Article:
by Dana Cooper
A 2018 study published in the medical journal Diabetes Care indicates that lesbian and bisexual women may be at increased risk of type 2 diabetes. Another 2018 study published in Pediatric Diabetes shows that teens who identify along the LGBTQ+ spectrum are also more likely to develop type 2 diabetes. Why? And, where to get care?
According to both studies, lesbian and bisexual women and LGBTQ+ teens tend to be less active and have higher body mass index (BMI) than other groups. Both groups also face disproportionate amounts of emotional stress. These factors, along with a diet high in processed foods, contribute to a person’s overall risk of developing type 2 diabetes, which is characterized as the body’s inability to secrete enough insulin to process blood glucose, or the amount of sugar in the blood. If either of these categories or any of the risk factors apply to you, don’t despair: The progression to type 2 diabetes can be halted or perhaps even partially reversed if caught early enough. “If you look at diabetes as a disease process, it’s a team game.”
If you or a loved one have any of the risk factors – high BMI, low physical activity levels and a diet marked by sugary, processed foods– and notice the onset of fatigue, increased thirst and urinary output and urgency, it’s a good idea to get your symptoms checked out.
AM Diabetes and Endocrinology is a local clinic, specializing in diabetes management. Its chief endocrinologist, Dr. Kashif Latif says that the physician writing the prescription is just part of it. His clinic has an award-winning roster stacked deep with doctors, nurses, diabetes educators, nutritionists and exercise physiologists, who work with patients on a treatment plan that is tailored specifically to their needs.
AM Nutrition, which represents the clinic’s outreach program to help diabetes sufferers manage their condition through dietary measures and education, is staffed by three dietitians and two diabetes educators who conduct classes to help patients understand how to make more healthful food and lifestyle choices.
But this clinic completes the care picture: exercise.
“You have a lot of gyms out there,” Latif says, “but there’s not a gym (specifically) for people with diabetes.” The clinic is addressing the problem by opening an onsite fitness center for patients with diabetes of all levels of ability. One room is equipped with weight machines, treadmills and elliptical machines for use by pre-diabetic patients or those in early stages of type 2 diabetes. That doesn’t work for everyone, of course.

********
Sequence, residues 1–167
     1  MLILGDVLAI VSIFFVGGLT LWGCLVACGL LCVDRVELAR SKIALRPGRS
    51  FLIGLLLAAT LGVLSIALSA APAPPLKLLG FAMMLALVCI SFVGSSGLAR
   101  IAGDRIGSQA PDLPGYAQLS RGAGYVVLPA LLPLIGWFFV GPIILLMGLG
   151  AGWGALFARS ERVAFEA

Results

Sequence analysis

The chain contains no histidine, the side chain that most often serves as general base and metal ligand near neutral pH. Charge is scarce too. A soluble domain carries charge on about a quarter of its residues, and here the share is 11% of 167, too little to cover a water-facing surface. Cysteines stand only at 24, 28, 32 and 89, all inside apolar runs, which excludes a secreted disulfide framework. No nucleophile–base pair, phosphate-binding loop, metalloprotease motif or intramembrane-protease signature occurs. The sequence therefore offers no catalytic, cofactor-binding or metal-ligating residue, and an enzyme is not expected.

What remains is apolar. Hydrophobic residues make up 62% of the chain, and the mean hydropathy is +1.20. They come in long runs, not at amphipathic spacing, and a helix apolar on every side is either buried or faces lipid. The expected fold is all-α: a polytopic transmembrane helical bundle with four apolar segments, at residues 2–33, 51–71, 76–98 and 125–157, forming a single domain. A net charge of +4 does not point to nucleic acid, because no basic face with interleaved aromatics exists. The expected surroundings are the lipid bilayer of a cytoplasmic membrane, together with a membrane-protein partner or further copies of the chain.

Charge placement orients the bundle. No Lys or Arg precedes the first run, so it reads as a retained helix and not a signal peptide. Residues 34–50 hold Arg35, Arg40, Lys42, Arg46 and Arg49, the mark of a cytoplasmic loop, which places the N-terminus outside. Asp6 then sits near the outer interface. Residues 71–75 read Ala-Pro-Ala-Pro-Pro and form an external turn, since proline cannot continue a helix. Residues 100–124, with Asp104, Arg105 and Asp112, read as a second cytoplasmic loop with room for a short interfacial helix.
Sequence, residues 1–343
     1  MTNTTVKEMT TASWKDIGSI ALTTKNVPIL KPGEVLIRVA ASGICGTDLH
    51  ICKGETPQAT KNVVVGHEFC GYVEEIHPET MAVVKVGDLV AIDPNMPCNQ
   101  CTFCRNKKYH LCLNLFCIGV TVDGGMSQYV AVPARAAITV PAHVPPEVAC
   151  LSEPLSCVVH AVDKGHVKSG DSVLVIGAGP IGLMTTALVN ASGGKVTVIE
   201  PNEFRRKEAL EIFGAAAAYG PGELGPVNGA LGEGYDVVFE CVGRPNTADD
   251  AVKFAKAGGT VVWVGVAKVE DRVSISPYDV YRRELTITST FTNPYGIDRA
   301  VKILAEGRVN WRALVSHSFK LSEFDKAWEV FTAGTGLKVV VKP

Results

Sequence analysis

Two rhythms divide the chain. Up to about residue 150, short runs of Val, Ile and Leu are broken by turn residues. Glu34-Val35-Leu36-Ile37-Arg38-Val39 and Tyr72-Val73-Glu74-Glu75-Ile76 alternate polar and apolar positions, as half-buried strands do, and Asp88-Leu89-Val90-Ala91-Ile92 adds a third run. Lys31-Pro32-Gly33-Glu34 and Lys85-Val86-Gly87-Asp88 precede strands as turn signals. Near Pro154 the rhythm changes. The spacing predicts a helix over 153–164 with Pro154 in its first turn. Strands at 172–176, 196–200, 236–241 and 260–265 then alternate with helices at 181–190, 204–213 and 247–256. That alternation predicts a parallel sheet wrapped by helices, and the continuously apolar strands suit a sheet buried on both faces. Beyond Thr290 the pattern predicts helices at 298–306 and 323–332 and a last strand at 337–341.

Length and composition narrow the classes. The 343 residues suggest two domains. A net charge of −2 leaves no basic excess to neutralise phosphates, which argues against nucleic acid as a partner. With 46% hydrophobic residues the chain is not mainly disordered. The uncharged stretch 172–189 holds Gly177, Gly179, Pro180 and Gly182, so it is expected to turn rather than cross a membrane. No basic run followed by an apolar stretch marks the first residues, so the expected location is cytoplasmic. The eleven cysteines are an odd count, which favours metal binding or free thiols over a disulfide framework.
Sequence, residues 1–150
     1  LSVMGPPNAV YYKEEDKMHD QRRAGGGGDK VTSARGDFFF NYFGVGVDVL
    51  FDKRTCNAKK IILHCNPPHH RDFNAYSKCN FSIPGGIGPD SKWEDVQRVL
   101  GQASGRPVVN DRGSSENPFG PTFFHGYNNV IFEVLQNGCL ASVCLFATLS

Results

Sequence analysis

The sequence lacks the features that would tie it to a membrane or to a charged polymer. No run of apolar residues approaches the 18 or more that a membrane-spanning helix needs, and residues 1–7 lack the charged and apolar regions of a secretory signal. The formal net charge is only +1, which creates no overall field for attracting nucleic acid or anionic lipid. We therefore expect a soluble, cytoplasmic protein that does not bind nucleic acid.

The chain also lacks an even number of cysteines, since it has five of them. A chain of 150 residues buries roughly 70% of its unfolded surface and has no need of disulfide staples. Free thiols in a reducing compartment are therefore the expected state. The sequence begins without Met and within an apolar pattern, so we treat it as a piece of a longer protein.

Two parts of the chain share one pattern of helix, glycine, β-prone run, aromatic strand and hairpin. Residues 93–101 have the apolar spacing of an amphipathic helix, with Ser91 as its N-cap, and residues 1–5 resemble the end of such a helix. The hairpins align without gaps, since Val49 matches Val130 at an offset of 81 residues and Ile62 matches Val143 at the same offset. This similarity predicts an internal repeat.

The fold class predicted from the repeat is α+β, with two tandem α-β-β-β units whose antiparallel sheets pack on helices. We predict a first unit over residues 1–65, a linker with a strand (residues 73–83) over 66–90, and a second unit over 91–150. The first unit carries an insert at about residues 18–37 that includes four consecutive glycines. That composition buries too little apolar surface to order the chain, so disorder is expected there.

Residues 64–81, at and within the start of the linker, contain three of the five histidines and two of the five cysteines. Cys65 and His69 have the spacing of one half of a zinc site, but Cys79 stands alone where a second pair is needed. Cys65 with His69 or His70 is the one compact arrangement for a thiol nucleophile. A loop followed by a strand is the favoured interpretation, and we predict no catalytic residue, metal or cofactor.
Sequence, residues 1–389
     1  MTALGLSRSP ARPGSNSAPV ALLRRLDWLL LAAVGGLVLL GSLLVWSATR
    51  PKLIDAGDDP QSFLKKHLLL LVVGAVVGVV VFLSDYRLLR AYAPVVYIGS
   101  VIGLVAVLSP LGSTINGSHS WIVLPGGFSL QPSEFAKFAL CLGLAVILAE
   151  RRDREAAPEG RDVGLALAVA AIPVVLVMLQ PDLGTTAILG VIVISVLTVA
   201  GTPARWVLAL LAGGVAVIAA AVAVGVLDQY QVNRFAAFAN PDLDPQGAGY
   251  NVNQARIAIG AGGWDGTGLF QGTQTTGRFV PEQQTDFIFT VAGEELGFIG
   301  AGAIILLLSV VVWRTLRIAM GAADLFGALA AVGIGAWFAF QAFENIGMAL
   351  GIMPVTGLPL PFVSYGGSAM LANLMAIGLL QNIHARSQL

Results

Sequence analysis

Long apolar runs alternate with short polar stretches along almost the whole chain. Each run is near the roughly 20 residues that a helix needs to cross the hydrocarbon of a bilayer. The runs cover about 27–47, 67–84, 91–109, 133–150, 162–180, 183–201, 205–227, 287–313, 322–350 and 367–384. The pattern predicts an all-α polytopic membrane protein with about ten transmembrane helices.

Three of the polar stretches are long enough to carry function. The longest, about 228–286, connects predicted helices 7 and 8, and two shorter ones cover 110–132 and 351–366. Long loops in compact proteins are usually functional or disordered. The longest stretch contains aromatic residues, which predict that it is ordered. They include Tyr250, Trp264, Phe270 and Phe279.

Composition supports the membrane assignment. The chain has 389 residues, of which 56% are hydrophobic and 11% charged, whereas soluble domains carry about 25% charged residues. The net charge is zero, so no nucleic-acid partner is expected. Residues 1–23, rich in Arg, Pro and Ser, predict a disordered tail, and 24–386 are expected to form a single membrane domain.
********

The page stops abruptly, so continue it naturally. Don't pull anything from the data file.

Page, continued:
“If [a patient] has nerve damage, we can’t make them walk and run too much,” Latif says. “They can develop sores and ulcers.” For patients with neuropathy and limited mobility, the clinic has a room in which low-impact seated exercise is an option. Eventually, the clinic will offer weight training, yoga and aerobics.
For some patients, unfortunately, diabetes management through diet, exercise and mediation is not enough.
Patients with advanced disease in which the pancreas is nearly or totally non-functioning require an insulin pump, which administers this life-saving hormone via an implanted device that continuously monitors a patient’s blood glucose levels. The pump delivers insulin to help control those levels, without much effort on the patient’s behalf.“It’s an artificial pancreas,” Latif says. AM Diabetes and Endocrinology’s Insulin Pump Center was the first of its kind in the entire nation, and it is staffed by physicians and nurses who are well-versed in caring for patients whose diabetes has reached this advanced stage.
Latif is quick to point out that insurance companies often do not help with the cost of meaningful diabetes management. “[The insurance companies] will say, ‘Sorry, a dietitian is not covered under your plan.’ Well, if they’re […] going to cover hundreds of thousands of dollars’ worth of medication,” Latif says, “then a small fraction of that for a dietitian to see the patient once or twice a year, you get the same benefit.”
If you’re interested in heading diabetes off at the pass, Latif has good news: Exercising for just 30 minutes per day and eating a healthful diet with few processed foods could reduce your odds of developing type 2 diabetes by as much as 60 percent.
For more information about AM Diabetes and Endocrinology, visit the clinic’s website at amdiabetes.net.
To learn more about diabetes and its management, visit The American Diabetes Association website at diabetes.org.